Instead, she was held captive and endured unspeakable abuse at the hands of her two captors—the street preacher and his wife, Wanda Barzee. Mitchell forced her to act as his second wife, telling her that God told him to do this to her. As a member of The Church of Jesus Christ, Elizabeth was taught differently. She said:
When I was kidnapped and he was telling me all of these things, I remember what my parents said: “You’ll know a person by their actions.” And so even though he was sitting there telling me that he was a prophet, that I should be thankful for what was happening to me, I was really a lucky girl—I realized that he wasn’t a good person. He was hurting me. He made me feel terrible. And growing up believing that I have a kind and loving Heavenly Father, I couldn’t believe that God had called him to do what he was doing to me. 
Throughout her ordeal, Elizabeth never lost faith in God nor in His goodness. She held tightly to her parents’ teachings and remembered the words of her mother: “I may not always love your choices…but I will always love you, and I will always be your mother, and nothing can ever change that.”  Elizabeth said she knew one thing: “My family was still there. And because of that, because I had that and because I knew that, I was able to make the decision to do whatever it took.”  No matter what it took, Elizabeth was going to find a way to get home to her family.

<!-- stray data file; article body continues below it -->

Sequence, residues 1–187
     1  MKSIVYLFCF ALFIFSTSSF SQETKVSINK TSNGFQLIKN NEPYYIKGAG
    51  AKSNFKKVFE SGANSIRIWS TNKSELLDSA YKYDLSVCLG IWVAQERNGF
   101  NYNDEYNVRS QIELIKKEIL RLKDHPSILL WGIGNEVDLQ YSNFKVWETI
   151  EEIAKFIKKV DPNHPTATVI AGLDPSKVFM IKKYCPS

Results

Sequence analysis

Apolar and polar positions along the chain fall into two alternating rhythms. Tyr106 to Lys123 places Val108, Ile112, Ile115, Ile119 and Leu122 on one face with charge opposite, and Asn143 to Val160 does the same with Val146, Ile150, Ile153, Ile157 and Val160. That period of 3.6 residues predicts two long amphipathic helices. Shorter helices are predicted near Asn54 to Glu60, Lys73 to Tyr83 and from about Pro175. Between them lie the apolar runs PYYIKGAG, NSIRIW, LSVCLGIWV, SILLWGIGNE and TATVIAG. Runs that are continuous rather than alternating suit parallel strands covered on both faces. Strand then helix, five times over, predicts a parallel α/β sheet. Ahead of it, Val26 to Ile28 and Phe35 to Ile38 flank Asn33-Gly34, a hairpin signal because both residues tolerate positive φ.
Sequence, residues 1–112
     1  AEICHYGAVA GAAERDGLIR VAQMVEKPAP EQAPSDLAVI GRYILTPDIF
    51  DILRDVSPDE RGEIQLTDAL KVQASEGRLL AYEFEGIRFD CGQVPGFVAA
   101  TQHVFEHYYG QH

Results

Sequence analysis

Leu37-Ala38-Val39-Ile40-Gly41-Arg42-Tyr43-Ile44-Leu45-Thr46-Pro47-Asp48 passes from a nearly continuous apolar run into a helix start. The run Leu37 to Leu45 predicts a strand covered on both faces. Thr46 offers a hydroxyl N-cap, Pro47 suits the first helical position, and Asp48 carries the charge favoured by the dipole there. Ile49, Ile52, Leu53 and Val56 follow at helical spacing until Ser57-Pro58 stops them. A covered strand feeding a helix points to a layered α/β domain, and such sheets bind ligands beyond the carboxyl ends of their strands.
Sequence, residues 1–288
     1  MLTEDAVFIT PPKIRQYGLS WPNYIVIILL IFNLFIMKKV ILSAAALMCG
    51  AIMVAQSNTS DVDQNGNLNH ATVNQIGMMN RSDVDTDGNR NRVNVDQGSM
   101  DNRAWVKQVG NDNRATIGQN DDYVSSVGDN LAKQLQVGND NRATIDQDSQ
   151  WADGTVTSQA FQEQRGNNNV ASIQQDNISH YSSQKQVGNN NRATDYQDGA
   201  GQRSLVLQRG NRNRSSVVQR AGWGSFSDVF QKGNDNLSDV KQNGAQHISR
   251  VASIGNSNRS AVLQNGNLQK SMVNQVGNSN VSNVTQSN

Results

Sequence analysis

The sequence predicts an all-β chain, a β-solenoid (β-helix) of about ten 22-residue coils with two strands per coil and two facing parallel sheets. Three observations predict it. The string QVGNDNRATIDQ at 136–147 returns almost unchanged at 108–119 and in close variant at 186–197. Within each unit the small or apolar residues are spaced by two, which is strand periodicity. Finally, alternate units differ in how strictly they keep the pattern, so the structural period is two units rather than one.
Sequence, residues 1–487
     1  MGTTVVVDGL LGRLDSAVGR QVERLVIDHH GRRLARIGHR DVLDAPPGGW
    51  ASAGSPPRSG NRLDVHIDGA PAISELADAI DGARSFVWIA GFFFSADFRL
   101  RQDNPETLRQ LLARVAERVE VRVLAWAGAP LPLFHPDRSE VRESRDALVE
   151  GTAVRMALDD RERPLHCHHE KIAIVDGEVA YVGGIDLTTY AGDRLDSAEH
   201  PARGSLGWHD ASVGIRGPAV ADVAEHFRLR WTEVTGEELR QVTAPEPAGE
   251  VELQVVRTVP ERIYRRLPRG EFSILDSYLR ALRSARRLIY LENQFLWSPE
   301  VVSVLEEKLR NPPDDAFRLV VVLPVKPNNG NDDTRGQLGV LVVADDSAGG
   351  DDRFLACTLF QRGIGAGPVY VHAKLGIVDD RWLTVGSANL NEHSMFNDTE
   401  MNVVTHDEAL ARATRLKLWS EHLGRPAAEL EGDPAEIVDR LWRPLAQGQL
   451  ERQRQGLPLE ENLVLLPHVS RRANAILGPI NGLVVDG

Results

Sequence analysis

Ice-Cold Water and Other Tender Mercies from God
Elizabeth said that although “God won’t make the evil go away,” He will visit us in our afflictions.  She recounted one experience when the camp’s water supply ran out and she became severely dehydrated. One morning, Elizabeth said, she woke up to an ice-cold cup of water. She said she never knew where the water came from—but she knew that it was a gift from God. She said:
I could just feel the cold water running down inside of me and just how grateful I was for it. And just feeling like it was God telling me that I wasn’t forgotten, that He still knew I was there. And that He wasn’t abandoning me.